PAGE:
Wasps – the good, the bad and the downright irritating

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A wasp taking a break from foraging to have a drink. Flensshot via Pixabay

Whether trying to cajole one out of your office or running for cover after it seems a little too interested in your food we have likely all encountered the common wasp (Vespula vulgaris) more than once during this particularly wasp-heavy summer.  But did you know that this is just one of 9000 species of wasp found in the UK and without a microscope you’re unlikely to ever see the vast majority of them. You might also not know that they provide us with great ecological services including pollination of both our crops and wildflowers as well as controlling insect populations which spread human and agricultural diseases.

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Farming tropical insects to feed the world in 2050

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  Deep-fried locust kebabs.CC BY 2.0

Many non-western cultures already eat insects [entomophagy]: in Thailand  & China its a common streetfood as you can see in the picture, but its an unusual  and frankly unheard of cuisine in the UK.  AS you will see though, CABI staff have an interest in entomophagy AND we have blogged about global entomophagy before [Roasted grasshopper with a sprinkling of termites].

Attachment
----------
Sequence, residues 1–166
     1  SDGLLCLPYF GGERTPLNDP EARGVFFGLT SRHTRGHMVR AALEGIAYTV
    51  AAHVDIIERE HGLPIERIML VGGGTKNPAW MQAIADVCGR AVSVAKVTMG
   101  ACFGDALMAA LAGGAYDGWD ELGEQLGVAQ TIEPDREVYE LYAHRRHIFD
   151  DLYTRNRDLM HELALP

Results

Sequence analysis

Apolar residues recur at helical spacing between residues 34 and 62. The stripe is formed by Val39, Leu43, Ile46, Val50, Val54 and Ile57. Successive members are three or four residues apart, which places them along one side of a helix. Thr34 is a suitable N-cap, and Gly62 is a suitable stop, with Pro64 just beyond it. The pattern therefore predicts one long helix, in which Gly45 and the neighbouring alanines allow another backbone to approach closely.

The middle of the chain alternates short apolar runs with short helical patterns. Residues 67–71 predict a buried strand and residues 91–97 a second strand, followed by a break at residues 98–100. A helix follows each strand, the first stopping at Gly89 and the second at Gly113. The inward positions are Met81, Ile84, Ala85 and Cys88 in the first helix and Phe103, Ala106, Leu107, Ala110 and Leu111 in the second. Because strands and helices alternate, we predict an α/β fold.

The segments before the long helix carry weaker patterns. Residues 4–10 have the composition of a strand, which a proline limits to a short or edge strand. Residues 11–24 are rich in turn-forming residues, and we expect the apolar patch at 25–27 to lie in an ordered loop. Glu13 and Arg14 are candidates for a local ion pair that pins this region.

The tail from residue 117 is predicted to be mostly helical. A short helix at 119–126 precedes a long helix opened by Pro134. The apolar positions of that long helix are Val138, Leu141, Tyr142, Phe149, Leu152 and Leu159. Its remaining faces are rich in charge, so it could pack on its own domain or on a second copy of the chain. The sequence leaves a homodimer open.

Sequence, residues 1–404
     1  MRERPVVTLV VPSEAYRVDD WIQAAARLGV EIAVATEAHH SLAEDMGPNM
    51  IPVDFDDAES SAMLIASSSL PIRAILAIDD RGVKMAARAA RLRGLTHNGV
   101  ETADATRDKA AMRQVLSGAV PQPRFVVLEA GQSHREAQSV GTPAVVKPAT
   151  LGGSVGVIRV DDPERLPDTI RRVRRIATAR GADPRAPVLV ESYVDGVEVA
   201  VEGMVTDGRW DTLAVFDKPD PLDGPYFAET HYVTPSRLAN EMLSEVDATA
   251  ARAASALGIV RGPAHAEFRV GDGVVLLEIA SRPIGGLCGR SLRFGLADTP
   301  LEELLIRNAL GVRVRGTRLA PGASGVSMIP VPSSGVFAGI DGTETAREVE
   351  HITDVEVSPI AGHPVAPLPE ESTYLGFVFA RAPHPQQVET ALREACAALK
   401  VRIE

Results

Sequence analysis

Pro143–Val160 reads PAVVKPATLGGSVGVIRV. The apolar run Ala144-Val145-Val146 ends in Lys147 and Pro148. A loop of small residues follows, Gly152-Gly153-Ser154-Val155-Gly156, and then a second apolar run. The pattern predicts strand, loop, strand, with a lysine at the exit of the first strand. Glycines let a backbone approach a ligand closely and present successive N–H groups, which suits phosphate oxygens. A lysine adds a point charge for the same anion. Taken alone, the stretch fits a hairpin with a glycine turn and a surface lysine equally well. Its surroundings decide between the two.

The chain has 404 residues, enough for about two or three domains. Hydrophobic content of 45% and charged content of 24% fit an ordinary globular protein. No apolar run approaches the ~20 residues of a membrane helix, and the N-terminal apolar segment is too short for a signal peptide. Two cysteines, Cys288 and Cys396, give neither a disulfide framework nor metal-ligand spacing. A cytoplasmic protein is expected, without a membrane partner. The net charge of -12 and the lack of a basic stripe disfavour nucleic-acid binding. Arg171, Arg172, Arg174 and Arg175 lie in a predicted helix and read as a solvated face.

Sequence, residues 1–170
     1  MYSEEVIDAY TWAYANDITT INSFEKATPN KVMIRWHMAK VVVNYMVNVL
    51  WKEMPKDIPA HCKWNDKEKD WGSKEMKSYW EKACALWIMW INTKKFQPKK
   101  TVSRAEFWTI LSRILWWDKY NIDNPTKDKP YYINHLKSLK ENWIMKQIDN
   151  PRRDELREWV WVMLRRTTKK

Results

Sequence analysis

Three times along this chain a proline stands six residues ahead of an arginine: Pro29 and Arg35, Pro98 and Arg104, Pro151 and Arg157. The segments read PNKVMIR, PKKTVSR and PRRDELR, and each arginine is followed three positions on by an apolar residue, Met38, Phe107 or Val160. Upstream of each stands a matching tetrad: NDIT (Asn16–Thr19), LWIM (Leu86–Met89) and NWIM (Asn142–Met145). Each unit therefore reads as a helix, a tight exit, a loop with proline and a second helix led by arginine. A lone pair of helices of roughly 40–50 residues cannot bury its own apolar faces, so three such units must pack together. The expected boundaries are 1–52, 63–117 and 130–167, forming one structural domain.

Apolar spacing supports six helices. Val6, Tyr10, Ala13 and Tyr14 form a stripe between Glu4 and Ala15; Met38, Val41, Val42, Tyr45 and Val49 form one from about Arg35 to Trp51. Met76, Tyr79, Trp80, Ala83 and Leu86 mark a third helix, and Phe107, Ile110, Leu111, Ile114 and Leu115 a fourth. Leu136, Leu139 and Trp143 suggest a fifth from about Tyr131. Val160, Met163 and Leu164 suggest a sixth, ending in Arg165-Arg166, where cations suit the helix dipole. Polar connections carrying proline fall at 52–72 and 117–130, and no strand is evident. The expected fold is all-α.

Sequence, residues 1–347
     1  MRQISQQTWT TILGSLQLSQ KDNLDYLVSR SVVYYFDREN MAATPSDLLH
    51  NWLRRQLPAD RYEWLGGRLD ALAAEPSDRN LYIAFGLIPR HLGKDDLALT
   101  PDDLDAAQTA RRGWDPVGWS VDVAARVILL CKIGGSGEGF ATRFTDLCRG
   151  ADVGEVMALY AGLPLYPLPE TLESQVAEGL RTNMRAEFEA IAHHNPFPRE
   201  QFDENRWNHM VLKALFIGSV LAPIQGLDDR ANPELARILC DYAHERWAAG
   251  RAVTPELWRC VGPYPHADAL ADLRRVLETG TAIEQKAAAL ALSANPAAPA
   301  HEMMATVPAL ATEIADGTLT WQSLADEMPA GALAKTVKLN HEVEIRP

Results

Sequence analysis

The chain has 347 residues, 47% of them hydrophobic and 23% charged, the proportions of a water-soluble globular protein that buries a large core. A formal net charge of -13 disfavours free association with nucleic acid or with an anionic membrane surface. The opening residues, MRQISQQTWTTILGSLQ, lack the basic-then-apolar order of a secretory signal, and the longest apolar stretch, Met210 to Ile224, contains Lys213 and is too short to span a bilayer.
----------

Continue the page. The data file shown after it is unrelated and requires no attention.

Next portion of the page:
On 18th November 2015, studio guests, and listeners, of BBC Radio 4 – Midweek were treated to the experience of eating insects as food!  Dr Sarah Beynon, an entomologist was a guest: she is on a mission to both educate the UK public on the importance of insects (including wasps and spiders) and to provide sustainable food by farming tropical insects. 

She had brought in samples of insect protein  which is on the menu at her café, The Grub Kitchen. The café  is the latest venture for her Bugfarm in Wales, which functions as  a research & education centre as well as providing dungbeetles for UK farmers to convert dung into compost! 

Guests sounded wary but chef Michel Roux Jnr pronounced the chocolate cookie made with ground cricket flour, sugar and chocolate, as “very nice” and described it as both chocolatey and having a novel “meaty” taste.  Another description was “marmity”: hardly surprising considering marmite was developed from yeast as an alternative to meat extract. 

Weight for weight, we were told, cricket flour is higher in protein than beef. 

Other delicacies available at the café include grasshoppers (taste like tea), mealworm hummus, and gourmet bug burgers containing mealworms, crickets and grasshoppers. By customer request coming soon will be burgers containing crunchy intact mealworms!

Food security for 2050: using insect protein will take the pressure off agricultural land

“WE need to look at new ways of producing food and we think this [tropical insect farming] is one of the ways of doing it” declared Dr. Beynon.

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